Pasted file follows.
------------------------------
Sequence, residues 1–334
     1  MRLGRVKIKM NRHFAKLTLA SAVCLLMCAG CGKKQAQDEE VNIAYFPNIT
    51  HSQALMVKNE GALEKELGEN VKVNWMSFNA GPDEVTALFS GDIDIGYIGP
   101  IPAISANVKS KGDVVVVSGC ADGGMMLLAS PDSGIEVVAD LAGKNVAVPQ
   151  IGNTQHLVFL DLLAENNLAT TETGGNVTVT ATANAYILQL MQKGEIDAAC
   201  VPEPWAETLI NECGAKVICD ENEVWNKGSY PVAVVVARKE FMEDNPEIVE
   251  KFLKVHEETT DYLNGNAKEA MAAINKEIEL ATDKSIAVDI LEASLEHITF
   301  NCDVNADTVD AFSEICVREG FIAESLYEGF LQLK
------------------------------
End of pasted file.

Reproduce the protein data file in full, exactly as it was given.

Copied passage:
Sequence, residues 1–334
     1  MRLGRVKIKM NRHFAKLTLA SAVCLLMCAG CGKKQAQDEE VNIAYFPNIT
    51  HSQALMVKNE GALEKELGEN VKVNWMSFNA GPDEVTALFS GDIDIGYIGP
   101  IPAISANVKS KGDVVVVSGC ADGGMMLLAS PDSGIEVVAD LAGKNVAVPQ
   151  IGNTQHLVFL DLLAENNLAT TETGGNVTVT ATANAYILQL MQKGEIDAAC
   201  VPEPWAETLI NECGAKVICD ENEVWNKGSY PVAVVVARKE FMEDNPEIVE
   251  KFLKVHEETT DYLNGNAKEA MAAINKEIEL ATDKSIAVDI LEASLEHITF
   301  NCDVNADTVD AFSEICVREG FIAESLYEGF LQLK